Susan's Story: A Mother's Struggle to Find the True Cause of Her Daughter's Illness
By Susan Blumenfeld
The week of my 35th birthday, my daughter Julie lay dying on a hospital gurney, waiting to receive general anesthesia. Not even two years old, Julie was very familiar with hospitals and tests. She was about to have an MRI to find out why she had lost so much weight, stopped walking, continued to vomit and pass stools that looked like undigested food. It was hard to believe that only six months ago she was a happy and healthy baby, with pudgy cheeks and lots of energy. Now, she could barely hold her head up, and inside I was screaming, because there was nothing I could do to make it stop.
And her doctors couldn't figure out what was wrong with her.
When Julie was 18 months old, my husband Levi and I began to notice changes in her appearance, especially when it was bath time. Her belly had become big and round, and her shoulder blades became very prominent. Her rear end had all but disappeared.
Around the same time, Julie began vomiting often--often enough that I would carry a change of her clothes, plenty of towels and wipes to clean her up afterwards, in the car, in the park, in a restaurant, in the grocery store. Julie became miserably unhappy and cried a lot, only wanting to be held.
Initially, when we saw our pediatrician, she said Julie looked fine, probably had lactose intolerance and felt that she was going through the "terrible twos" a little early. She recommended a book. My gut instinct told me that she was wrong, and that Julie was very ill. She could no longer attend preschool.
The vomiting continued, and my daughter's health declined. My friends and family would ask, "What's wrong with Julie?" I became frantic. By now, my daughter's diapers were full of stool that looked like undigested food and when I changed them the smell was terrible--not normal. It appeared to me that she wasn't getting her basic nutritional needs met--and I struggled to find something she could eat that would help her.
She continued to vomit, and each time, I called the pediatrician's office insisting that something was really wrong. Our pediatrician swung into action and began to order tests. She ordered blood tests, a kidney scan, a barium swallow and dozens more tests. It got to the point where Julie and I would go to the hospital two or three times a week for blood work, all while she continued to decline. She was tested for cystic fibrosis, where a hot copper coil was placed on her arm--and her arm was wrapped in plastic for a "sweat test." They looked for brain tumors, GI blockages and kidney disease.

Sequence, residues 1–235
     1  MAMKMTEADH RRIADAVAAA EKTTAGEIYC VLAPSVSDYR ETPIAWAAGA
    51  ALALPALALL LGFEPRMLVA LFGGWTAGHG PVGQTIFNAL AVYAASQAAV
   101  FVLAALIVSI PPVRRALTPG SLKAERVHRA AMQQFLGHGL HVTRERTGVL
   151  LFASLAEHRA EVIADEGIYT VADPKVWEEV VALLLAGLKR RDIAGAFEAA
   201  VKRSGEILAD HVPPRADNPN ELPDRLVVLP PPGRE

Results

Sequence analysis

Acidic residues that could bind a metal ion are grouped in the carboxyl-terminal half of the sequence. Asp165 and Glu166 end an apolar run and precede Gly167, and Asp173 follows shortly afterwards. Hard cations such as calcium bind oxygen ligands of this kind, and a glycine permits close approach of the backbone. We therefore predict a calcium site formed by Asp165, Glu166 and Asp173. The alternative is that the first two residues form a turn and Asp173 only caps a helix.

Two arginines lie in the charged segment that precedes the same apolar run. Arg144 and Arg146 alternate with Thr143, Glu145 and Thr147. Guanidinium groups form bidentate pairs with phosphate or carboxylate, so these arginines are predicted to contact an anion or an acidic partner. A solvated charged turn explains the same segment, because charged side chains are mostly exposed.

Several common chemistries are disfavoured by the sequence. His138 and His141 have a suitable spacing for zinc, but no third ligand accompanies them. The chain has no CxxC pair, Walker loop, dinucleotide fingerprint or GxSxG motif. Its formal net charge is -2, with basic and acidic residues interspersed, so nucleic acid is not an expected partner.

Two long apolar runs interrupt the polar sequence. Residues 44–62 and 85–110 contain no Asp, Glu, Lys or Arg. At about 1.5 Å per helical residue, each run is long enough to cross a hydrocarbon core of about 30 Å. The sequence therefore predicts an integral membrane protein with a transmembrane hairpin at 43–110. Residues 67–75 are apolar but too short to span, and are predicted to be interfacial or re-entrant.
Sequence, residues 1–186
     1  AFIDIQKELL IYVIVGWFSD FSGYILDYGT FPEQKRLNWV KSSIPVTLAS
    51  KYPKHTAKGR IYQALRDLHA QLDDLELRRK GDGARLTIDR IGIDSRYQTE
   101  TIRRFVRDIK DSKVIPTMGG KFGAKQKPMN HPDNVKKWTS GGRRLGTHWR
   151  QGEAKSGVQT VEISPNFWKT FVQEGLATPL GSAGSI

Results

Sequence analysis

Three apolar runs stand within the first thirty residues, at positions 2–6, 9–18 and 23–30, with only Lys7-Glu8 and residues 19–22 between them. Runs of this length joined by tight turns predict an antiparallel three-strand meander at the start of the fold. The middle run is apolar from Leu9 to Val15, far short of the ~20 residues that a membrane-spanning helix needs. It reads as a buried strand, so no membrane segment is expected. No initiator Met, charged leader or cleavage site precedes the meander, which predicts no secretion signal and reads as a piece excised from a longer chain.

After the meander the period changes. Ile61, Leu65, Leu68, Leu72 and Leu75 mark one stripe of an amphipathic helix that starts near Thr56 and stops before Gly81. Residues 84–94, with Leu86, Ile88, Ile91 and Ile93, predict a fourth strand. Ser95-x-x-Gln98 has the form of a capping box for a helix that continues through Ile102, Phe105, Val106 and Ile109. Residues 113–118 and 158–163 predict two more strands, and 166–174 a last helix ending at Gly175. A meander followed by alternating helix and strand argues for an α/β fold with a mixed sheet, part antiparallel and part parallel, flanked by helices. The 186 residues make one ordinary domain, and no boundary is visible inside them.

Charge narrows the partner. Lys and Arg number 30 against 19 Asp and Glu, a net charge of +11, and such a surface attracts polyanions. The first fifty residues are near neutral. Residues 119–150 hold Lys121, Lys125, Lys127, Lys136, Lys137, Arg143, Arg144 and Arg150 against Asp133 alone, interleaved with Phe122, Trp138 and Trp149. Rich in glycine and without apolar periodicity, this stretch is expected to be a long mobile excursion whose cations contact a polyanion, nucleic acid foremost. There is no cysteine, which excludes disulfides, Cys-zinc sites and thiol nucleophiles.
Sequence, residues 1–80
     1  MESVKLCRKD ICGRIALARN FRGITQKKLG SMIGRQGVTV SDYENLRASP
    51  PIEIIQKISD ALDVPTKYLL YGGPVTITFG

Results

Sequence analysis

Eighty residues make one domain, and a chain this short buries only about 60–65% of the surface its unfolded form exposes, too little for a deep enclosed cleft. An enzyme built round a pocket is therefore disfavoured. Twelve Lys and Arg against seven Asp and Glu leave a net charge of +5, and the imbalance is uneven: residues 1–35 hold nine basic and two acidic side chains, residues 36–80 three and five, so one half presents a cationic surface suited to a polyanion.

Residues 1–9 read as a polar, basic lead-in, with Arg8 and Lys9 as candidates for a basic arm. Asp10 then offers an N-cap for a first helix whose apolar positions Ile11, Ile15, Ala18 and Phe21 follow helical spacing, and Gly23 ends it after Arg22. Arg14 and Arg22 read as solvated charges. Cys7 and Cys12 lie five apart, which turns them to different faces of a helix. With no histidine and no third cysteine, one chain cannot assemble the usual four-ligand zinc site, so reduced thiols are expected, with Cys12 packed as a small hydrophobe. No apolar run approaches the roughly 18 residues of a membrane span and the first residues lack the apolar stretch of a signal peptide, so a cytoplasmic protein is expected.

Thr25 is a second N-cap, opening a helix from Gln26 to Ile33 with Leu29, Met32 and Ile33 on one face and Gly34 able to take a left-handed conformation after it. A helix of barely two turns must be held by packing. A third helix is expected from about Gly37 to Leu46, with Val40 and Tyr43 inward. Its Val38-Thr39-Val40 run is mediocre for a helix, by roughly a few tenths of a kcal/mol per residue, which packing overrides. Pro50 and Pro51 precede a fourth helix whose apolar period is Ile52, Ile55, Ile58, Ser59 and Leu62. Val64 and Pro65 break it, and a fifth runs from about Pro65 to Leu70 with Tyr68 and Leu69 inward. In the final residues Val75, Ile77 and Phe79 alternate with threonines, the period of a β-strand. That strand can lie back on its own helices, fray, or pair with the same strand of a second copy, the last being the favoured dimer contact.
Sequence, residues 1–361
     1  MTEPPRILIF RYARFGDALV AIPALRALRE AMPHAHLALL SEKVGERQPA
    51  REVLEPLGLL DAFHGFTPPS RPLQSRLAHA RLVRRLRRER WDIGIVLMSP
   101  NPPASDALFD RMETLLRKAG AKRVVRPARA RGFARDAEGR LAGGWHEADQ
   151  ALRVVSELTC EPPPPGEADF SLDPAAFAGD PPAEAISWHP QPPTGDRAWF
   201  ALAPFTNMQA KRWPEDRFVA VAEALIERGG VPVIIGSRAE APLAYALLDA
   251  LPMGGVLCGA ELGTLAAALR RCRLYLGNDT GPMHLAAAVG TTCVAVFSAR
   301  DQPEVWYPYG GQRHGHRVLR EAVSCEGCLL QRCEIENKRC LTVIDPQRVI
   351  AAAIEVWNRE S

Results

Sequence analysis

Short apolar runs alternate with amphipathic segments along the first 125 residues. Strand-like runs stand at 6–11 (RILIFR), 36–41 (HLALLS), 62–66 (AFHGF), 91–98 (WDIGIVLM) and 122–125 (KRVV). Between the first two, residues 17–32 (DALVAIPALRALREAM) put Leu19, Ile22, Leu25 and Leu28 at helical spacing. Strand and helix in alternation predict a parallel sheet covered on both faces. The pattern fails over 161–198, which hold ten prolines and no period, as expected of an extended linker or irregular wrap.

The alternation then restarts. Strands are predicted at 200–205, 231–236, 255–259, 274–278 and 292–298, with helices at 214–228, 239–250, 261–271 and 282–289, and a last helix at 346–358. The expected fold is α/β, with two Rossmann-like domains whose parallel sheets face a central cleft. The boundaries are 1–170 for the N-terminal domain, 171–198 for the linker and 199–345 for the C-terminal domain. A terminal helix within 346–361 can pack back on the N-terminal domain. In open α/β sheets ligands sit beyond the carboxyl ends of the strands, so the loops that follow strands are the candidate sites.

She looked so sickly, like a starving child in a third world country. I've thrown away the worst pictures of her at this time because they are too difficult for me to look at.
She was diagnosed with cytomegalovirus and hepatitis, yet did not improve. My husband and I were elated to reach a diagnosis, then devastated when she continued to worsen. Levi is a medical doctor, and researched Julie's condition thoroughly, shortly after she became ill. When we asked Julie's doctors if they had considered celiac disease, they dismissed our suggestion with little more than a wave of the hand.
Five days after an MRI, a noted pediatric gastroenterologist came to see Julie. He took one look at her and told us she had celiac disease. The next day--my 35th birthday--she had an endoscopic biopsy and received the diagnosis. She's been on the gluten-free diet (the only treatment for celiac disease) ever since, and we have our daughter back.
Celiac disease is a common, inherited gastrointestinal autoimmune disorder that affects 1.4 million Americans--yet most physicians receive 20 minutes of instruction on it in medical school. Every day that a person with celiac disease goes undiagnosed, their risk of developing autoimmune disorders, neurological disorders, osteoporosis, infertility, and even cancer, increases greatly. Yet there are one million cases of celiac disease that go undiagnosed in this country.
That's why I've helped create the University of Chicago Celiac Disease Center, an organization with a mission to improve the lives of celiac patients and to raise diagnosis rates by advancing research on celiac disease and increasing awareness among medical professionals and the public.
So that children don't have to suffer. So that doctors think of celiac disease first, and not last.